Martin, as has been said, made the translation, the others revising, whilst Allen and Bristow wrote the notes on the Old Testament, and Worthington those on the New. For so extensive a work a period of many years might have seemed necessary, but, thanks to Martin’s great industry, it was ready by 1582, although the larger portion of the manuscript had still to “lay by” for some years longer before the means were at hand to pass it through the press. Thus the New Testament was published at Rheims in 1582, the Old Testament not till twenty-seven years later (1609-10), and after the return to Douay.
The principles which these translators followed are explained by them in their Preface to the New Testament, and if they sometimes push the application to extremes, the principles were at least thoroughly sound in themselves. This article is not intended to be a learned disquisition, but only a simple explanation. We may, therefore, content ourselves with a summary account of these principles, and the grounds on which they were based.
First, the translation was to be from the Latin Vulgate, not immediately from the Greek. This was a necessity imposed on the translators by the law of the Church, for the Council of Trent declared the Vulgate to be her authentic text, which involved that all translations into the vernaculars of the different countries, intended for general use, should be made from it That did not mean that no versions at all might be made directly from some one or other of the Greek texts. For purposes of scholarship such translations are, and are recognized to be, legitimate and necessary. But it meant that for use in her public worship, in her religious instructions, and theological discussions, the Church desired the Vulgate text to be the one employed.
Thus to adopt an ancient version instead of the original text, and to require the authorized translations into the vernacular to be made from the former, not the latter, may at first sight appear peculiar, but the arrangement rests on a very reasonable basis. No autograph manuscript, even of a single book of the Old or New Testament, has been preserved to us, and we have in consequence to depend only on copies, or rather, on copies of copies. But in the process of repeated copying, errors, mostly unintentional but sometimes intentional, can enter in and have entered in, and these errors, although too few in number, and too confined in their range, to disturb our confidence in the general accuracy of the text, are still sufficiently numerous to raise doubts or controversies as to the true reading of many individual words or phrases. In this manner different “texts” have arisen, and the problem for those who have to authorize a text for use in the Church, or any part in it, is the problem how to determine which text is the purest Moreover, textual purity may be estimated from a doctrinal stand-point only, or from a critical stand-point as well; in other words, it may be considered whether in any case textual corruption has gone so far as to introduce false or doubtful doctrine, or how far it has altered the phraseology of the original.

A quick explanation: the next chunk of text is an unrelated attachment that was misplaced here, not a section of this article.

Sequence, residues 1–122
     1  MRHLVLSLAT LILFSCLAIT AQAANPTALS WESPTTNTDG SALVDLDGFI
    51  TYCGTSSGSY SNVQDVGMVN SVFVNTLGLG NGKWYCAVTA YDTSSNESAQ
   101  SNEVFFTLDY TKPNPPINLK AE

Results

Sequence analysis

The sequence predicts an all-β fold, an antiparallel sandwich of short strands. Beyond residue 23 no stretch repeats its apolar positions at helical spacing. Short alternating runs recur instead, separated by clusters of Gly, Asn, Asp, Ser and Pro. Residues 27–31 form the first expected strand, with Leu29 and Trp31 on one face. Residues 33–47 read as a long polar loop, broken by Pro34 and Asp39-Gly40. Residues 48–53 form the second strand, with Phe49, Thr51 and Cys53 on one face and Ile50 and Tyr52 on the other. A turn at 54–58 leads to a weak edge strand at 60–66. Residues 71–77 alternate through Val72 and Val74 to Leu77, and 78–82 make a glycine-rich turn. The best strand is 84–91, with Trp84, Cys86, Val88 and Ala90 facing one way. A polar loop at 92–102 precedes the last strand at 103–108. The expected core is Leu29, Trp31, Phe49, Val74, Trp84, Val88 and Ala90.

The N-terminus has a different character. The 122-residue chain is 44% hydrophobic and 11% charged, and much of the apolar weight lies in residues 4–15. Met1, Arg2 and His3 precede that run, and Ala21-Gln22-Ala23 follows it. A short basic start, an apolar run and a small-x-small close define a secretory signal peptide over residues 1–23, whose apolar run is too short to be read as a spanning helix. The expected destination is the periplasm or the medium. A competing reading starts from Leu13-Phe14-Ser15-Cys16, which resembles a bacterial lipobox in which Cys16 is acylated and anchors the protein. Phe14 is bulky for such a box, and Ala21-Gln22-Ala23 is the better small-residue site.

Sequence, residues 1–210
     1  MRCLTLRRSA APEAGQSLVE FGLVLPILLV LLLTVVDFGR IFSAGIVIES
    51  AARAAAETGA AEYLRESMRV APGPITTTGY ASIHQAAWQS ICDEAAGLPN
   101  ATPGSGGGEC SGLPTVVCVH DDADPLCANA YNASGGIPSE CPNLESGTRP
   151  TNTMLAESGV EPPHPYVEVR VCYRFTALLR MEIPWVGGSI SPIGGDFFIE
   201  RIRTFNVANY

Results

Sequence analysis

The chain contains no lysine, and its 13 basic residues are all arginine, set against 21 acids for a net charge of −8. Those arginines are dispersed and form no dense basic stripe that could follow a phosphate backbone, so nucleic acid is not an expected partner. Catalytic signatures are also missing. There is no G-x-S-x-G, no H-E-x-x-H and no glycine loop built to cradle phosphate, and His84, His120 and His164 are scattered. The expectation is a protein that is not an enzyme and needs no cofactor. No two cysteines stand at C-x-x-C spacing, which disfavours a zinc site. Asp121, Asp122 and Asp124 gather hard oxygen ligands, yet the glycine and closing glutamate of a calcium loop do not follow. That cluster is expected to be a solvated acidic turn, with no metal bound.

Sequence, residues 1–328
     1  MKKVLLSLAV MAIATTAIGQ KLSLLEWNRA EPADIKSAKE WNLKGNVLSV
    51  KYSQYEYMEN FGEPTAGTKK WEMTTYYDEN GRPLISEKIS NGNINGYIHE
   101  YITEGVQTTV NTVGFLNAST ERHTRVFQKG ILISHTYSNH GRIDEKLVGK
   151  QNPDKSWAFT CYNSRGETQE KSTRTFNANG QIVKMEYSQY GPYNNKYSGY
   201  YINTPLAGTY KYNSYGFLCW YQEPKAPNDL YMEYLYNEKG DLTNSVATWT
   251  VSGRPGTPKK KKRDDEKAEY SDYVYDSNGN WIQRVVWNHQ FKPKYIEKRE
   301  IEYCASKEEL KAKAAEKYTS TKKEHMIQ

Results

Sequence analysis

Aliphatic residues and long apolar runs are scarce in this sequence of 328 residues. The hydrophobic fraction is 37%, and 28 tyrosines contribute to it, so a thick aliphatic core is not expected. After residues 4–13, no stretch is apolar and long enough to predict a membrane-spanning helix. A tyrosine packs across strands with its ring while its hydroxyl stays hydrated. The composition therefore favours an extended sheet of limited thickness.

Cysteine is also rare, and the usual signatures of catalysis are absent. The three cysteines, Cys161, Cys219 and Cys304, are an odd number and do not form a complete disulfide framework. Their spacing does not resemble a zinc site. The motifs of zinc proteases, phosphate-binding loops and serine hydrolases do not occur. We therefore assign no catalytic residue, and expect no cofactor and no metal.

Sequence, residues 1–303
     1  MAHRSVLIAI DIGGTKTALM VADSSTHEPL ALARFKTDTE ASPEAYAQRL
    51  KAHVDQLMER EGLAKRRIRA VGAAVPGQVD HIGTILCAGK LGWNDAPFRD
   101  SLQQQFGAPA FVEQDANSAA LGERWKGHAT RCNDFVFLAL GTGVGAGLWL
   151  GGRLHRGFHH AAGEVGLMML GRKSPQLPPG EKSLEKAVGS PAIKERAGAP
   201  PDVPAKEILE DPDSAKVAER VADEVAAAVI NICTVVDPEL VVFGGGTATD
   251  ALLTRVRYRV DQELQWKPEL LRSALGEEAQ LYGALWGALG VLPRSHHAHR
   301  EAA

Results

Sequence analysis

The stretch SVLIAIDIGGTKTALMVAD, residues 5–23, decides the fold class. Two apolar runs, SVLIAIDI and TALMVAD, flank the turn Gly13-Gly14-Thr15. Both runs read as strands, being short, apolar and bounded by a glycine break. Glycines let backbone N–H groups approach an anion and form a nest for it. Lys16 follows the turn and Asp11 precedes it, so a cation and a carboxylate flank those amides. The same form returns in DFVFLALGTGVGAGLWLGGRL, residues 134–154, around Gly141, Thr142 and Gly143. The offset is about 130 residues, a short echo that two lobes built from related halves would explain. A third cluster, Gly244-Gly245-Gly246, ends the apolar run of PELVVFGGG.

It is doctrinal corruption about which the Church is most solicitous, and the necessity of guarding against this was specially felt in an age when the appeal to Scripture as the final authority was being persistently made, whilst at the same time continual wrangles were going on as to the doctrinal purity of the texts used. Nor can a wiser method of dealing with the evil be conceived than that adopted by the Church in authorizing the ancient Latin text called the Vulgate. As the Rheims translators say:
It is so ancient that it was used in the Church of God about 1,300 years ago [i.e., counting back from 1582] as appeareth by the Fathers of those times.
It is that (by the common received opinion and by all probability) which S. Hierom afterwards corrected according to the Greek, by the appointment of Damasus then Pope, as he maketh mention in the Preface before the Four Evangelists. . . .
It is that which for the most part ever since hath been used in the Churches service, expounded in sermons, alledged and interpreted in the commentaries and writings of the ancient Fathers of the Latin Church. … It is the gravest, sincerest, of greatest majestie, least partialitie, as being without al respect of controversies and contentions, specially these of our time, as appeareth by those places which Erasmus and others at this day translate [from the Greek] much more to the advantage of the Catholic cause.